A Taste of India in the Good Neighbor City
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This article marks the start of a new Middleton Times-Tribune series profiling local eateries. While Middleton is by no means a large city, the dining options here rival those in much bigger urban hubs. Citizens can taste recipes from across the globe without leaving their area code. The series begins with a trip to Dhaba Indian Bistro, which opened three years ago and is thriving today.
When Dhaba Indian Bistro opened at 8333 Greenway Blvd. back in 2012, it was an immediate hit with area diners. This locally owned eatery boasts a wide array of dishes from northern India. (Proprietor Sumanjit Singh grew up in Punjab.)
Samosas, which are spicy turnovers filled with vegetables and cheese or spice and lamb. Seventeen types of Indian breads, ranging from ginger naan to whole wheat roti. Chicken, beef, lamb and goat curries, along with seafood and an abundance of lentils, eggplant, spinach and other vegetable dishes round out the menu.
It’s a far cry from the Americanized Indian buffets that many people think of when they imagine eastern dining.
The kitchen features a barrel-shaped clay oven – a “tandoor” - that can reach a temperature of 1,000 degrees. The dining area features profuse natural light, illuminating a rich tapestry of lush decorations.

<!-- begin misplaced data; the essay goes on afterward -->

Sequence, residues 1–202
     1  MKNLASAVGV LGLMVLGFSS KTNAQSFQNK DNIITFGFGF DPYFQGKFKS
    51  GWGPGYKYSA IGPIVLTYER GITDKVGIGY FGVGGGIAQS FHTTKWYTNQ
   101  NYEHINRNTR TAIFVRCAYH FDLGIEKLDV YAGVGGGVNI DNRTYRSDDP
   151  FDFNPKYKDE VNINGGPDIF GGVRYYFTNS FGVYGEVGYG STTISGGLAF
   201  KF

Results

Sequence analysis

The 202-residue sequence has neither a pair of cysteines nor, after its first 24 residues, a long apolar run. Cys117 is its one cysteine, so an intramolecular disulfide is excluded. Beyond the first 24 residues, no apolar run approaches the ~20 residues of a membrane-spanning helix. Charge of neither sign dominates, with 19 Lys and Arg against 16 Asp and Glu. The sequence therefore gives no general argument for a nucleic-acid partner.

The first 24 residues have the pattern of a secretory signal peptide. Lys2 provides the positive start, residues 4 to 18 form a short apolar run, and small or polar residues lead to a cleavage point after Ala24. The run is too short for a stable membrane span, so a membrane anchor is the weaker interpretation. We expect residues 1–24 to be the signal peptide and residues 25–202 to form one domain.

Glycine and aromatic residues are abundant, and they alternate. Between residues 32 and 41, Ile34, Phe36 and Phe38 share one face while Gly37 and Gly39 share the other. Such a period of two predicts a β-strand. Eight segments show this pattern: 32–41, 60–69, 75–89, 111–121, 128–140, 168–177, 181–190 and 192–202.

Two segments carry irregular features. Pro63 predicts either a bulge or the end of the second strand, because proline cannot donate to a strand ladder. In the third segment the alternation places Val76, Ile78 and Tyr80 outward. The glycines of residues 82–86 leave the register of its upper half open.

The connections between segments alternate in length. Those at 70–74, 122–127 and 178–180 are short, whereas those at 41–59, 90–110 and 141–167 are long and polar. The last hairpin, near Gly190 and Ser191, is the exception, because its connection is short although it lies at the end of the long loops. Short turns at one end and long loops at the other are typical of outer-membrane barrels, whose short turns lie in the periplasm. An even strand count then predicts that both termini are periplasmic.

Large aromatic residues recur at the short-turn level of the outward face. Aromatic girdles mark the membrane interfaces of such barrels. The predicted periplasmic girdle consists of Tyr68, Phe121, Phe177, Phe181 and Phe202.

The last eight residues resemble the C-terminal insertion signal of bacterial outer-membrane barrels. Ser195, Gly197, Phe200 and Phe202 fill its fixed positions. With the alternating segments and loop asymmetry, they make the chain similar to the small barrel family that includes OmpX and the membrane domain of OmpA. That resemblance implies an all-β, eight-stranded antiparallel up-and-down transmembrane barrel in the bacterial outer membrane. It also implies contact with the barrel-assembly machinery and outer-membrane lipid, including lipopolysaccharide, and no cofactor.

Singh said the reason for choosing Middleton was simple. “[The] Middleton community is the best [for] living and working,” he stated. And work he does, running the restaurant six days a week, without interruption, for the past three years. (Dhaba is closed Mondays.)
The kitchen is a spectacle of colorful spices and savory aromas. And in the dining room, many regulars from surrounding businesses enjoy lunch, while families from all around come in for dinner. Dhaba’s yelp.com score is an impressive 4.5 stars, with reviewers calling it a “hidden gem” and “the best Indian food in Madison.” While it’s not technically in the City of Madison, the comment is a testament to how much people are enjoying all Dhaba has to offer.
Keep in mind, Dhaba uses a heat index, ranging from one (mild) to five (scorching hot).
Singh, who is formally trained mechanical engineer but comes from a family of restaurateurs, said he’s thrilled to be thriving in the Good Neighbor City.
“Things are really, really good,” he said.